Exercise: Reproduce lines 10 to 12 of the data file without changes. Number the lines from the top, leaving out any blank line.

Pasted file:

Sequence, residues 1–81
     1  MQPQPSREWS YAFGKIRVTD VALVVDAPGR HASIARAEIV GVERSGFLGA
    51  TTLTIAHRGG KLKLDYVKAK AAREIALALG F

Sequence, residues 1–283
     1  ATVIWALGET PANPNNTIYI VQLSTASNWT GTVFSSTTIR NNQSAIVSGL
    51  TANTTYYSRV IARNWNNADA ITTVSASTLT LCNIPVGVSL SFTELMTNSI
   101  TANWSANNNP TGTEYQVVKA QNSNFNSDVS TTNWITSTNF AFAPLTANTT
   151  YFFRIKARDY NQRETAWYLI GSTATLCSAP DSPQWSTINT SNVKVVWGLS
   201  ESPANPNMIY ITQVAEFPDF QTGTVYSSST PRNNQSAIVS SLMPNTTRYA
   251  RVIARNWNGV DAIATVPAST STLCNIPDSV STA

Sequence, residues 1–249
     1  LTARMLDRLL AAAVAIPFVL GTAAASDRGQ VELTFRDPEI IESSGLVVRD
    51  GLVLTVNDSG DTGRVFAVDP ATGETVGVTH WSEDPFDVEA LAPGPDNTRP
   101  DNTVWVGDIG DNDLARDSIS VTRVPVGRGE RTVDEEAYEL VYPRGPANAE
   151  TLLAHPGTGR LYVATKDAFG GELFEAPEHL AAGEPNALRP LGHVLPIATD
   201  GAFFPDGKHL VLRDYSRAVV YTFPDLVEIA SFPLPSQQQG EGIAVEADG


   251  RVIARNWNGV DAIATVPAST STLCNIPDSV STA

Sequence, residues 1–249
     1  LTARMLDRLL AAAVAIPFVL GTAAASDRGQ VELTFRDPEI IESSGLVVRD